RTMS Treatment For Parkinson's Disease

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Parkinson's Disease

Parkinson's disease (PD) is a progressive neurodegenerative disorder caused by degradation of dopamine-producing cells in the Substantia Nigra Pars Compacta.[1] The resulting decrease in dopamine produces motor symptoms characterized by resting tremor, bradykinesia, rigidity, mobilization difficulties, and balance deficits.[2] In addition to motor symptoms, PD also includes non-motor symptoms including cognitive impairment, depression, hallucinations, autonomic features and sleep problems.[3] PD affects all races and ethnicities, and it is estimated that 6-10 million people worldwide are afflicted by the disease.[2] The incidence of PD ranges from 10–18 per 100 000 person-years, and increases rapidly with age, affecting approximately 2-3% of the population older than 65 years of age.[1] Clinical Diagnosis of PD is based on the presence of typical parkisonian motor symptoms, including bradykinesia plus rigidity and resting tremor.[1] Current medical therapy for PD only treats the symptoms of the disease, and primarily consists of medications which slow or stop the underlying neurodegenerative process.[1] However it is reported that most patients develop complications after 5 years, including dyskinesia and motor fluctuations.[3] Novel treatments of PD have been emerging over the past decades, including Transcranial Magnetic Stimulation (TMS) which has generated interest as a potential therapeutic intervention.[2]

Transcranial Magnetic Stimulation (TMS)

Transcranial magnetic stimulation (TMS) was developed in 1985 by Barker and colleagues which allowed them to non-invasively stimulate areas of the human cortex of the brain.[4] Since then, this technology has developed and found a place in both clinical research and treatment of various populations such as those experiencing mood[5] or movement disorders [6]. This modality is comprised of numerous conductive wires wrapped together into a circular coil within a hard plastic housing. By passing a brief electric pulse through these coil windings, a magnetic field is generated perpendicular to the coil which passes relatively unimpeded through the scalp and skull when placed on the head. This magnetic pulse, by the principles of electromagnetism, produce secondary electric fields in the opposite direction to the field generated by the coil.[4][7][8][9] It is these secondary fields that influence any conductive material or tissue in the path of the magnetic field. In this case, that conductive tissue is neurons within the cortex of the brain. Using the above phenomenon, TMS can be used to stimulate or excite regions of the cortex to probe the function of various brain regions and their interactions.[2][9][10]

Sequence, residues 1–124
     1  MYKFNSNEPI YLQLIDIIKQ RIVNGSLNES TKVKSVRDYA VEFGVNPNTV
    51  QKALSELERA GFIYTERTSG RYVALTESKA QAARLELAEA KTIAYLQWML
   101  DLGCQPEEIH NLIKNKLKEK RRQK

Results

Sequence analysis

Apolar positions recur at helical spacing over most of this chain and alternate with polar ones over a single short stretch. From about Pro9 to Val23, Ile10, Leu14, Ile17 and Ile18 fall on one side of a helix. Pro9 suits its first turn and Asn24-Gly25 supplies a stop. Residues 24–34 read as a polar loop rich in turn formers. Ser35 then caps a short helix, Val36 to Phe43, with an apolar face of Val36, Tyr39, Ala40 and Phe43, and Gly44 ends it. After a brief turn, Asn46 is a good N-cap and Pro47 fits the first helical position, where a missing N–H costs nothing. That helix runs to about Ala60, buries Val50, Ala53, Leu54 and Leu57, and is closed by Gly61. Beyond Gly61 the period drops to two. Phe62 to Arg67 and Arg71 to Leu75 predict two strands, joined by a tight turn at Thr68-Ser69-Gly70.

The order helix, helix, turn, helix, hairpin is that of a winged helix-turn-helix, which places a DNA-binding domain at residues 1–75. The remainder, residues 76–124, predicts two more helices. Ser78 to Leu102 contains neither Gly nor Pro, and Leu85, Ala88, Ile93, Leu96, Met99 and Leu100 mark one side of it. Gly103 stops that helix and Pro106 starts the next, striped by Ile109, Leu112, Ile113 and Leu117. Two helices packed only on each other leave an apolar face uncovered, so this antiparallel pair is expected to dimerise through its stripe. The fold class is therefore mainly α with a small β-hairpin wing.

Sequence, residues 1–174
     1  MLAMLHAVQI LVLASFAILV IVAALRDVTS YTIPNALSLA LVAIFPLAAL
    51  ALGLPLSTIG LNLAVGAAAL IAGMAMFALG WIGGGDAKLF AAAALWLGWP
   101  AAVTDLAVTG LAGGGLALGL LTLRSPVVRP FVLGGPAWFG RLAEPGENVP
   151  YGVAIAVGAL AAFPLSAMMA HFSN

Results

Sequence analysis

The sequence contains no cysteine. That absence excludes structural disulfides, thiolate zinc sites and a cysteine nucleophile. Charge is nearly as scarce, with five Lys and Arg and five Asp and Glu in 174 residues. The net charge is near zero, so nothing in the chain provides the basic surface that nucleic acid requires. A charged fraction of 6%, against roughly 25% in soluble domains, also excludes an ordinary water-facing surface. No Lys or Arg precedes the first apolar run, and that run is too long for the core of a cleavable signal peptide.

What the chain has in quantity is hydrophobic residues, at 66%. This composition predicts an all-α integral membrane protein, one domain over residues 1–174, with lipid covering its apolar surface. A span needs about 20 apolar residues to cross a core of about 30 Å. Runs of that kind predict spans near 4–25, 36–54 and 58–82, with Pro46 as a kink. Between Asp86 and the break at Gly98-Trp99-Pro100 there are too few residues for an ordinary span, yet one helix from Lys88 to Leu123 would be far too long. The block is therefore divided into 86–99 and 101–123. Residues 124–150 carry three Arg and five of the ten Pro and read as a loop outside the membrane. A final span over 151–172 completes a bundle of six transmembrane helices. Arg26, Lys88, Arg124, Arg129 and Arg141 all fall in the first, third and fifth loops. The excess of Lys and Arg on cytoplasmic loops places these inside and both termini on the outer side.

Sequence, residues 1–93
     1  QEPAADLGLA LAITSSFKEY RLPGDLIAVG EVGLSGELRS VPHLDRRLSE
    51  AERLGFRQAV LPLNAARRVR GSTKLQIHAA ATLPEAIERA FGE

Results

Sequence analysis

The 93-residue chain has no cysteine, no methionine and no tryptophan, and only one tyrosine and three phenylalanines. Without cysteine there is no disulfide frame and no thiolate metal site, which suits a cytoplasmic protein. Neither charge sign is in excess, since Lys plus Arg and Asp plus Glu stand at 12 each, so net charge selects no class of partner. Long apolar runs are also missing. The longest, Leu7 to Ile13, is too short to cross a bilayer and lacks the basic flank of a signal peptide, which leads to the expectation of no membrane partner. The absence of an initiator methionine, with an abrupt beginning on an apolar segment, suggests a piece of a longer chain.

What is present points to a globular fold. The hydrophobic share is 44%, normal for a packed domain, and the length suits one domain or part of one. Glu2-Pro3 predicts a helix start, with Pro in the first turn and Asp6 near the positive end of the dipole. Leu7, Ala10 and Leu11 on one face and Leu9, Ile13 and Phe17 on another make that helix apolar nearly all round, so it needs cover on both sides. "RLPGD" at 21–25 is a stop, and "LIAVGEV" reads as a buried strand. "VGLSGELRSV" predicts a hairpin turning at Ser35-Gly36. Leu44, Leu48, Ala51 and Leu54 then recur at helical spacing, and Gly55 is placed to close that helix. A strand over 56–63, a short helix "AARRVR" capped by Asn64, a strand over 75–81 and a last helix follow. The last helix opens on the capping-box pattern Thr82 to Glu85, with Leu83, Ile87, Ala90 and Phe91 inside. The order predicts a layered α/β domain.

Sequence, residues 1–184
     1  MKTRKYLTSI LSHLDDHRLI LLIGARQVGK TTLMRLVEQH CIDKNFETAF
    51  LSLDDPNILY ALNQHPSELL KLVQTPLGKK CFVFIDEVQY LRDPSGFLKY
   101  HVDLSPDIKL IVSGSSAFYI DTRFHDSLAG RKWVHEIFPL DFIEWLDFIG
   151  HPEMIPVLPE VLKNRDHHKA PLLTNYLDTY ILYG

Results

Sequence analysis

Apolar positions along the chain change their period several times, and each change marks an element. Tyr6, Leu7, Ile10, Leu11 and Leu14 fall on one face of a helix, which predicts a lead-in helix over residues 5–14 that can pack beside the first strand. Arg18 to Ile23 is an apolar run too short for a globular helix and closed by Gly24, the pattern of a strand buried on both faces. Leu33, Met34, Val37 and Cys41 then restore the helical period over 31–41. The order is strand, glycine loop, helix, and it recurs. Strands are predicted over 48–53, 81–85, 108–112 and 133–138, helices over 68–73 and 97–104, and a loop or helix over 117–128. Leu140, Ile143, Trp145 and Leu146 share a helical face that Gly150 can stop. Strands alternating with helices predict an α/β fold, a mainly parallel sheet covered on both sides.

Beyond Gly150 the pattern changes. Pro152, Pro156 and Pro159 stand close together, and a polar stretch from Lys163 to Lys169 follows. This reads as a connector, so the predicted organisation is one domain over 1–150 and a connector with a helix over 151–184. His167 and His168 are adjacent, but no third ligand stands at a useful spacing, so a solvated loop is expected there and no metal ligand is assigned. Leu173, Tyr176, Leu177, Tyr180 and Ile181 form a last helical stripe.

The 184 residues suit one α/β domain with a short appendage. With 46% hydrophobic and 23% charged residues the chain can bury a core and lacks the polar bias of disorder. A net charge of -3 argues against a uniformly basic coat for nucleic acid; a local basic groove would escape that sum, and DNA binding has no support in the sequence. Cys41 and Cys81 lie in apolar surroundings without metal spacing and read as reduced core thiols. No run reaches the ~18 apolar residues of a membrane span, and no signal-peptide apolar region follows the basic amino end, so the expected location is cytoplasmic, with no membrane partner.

Types of TMS

  1. Single pulse TMS can be used to simply stimulate a given area while recording the output and is commonly used in research where an area such as the motor cortex is stimulated and a motor response can be recorded from muscles of the body via electromyography.[7][9]
  2. Paired-pulse TMS can be used to assess the effect of a preceding stimulus on a secondary stimulus.[11] While this technique is also primarily used in research, it allows for the assessment of one brain region on another. For example, a TMS pulse delivered to the motor cortex of one hemisphere of the brain 10ms prior to a TMS pulse delivered over the opposite motor cortex results in an inhibitory effect in motor output to the arms, showing firing patterns that allow for unimanual control of the upper limbs.[12][13]
  3. Repetitive TMS (rTMS) techniques involve stringing a large number of consecutive TMS pulses together in rapid succession. This method is used both in research and clinically as it can produce changes in cortical activity that last beyond the duration of the TMS protocol.[2][10][14] With some reports demonstrating excitability changes persisting for a number of hours[15]. The rate of pulse delivery appears to dictate the effect of the rTMS protocol, whereas those that deliver pulses at rates of >5Hz (high frequency rTMS) tend to produce excitatory effects and those delivered at rates of < 1Hz (low frequency rTMS) tend to produce inhibitory effects in the brain.[8][10]. These rTMS techniques have been approved as a treatment modality for those with non-responsive major depression disorder (MDD) in Canada.[5] While the use of rTMS has not yet been approved for clinical use in the treatment of movement disorders such as stroke, spinal cord injury,, and PD, the scientific literature suggests that it may provide some benefit to both motor and cognitive symptoms in these populations.[6][16][17][18]